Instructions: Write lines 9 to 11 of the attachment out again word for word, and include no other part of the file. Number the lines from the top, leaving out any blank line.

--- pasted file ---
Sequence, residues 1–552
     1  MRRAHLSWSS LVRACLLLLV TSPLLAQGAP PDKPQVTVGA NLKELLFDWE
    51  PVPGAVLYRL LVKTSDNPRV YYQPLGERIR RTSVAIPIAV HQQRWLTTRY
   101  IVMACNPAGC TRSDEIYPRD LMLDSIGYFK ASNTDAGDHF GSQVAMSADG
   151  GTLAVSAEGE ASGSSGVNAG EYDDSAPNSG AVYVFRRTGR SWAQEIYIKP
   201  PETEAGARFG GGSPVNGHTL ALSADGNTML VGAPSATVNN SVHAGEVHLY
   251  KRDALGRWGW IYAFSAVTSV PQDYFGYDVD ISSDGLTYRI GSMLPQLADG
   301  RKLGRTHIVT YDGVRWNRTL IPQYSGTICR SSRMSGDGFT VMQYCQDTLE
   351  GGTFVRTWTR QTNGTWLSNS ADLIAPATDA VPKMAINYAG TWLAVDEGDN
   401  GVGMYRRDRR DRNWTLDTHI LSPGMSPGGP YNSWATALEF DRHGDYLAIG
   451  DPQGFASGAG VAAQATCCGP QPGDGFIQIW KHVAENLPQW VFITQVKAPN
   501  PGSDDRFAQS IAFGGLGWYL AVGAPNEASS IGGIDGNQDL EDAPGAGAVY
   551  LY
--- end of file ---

   351  GGTFVRTWTR QTNGTWLSNS ADLIAPATDA VPKMAINYAG TWLAVDEGDN
   401  GVGMYRRDRR DRNWTLDTHI LSPGMSPGGP YNSWATALEF DRHGDYLAIG
   451  DPQGFASGAG VAAQATCCGP QPGDGFIQIW KHVAENLPQW VFITQVKAPN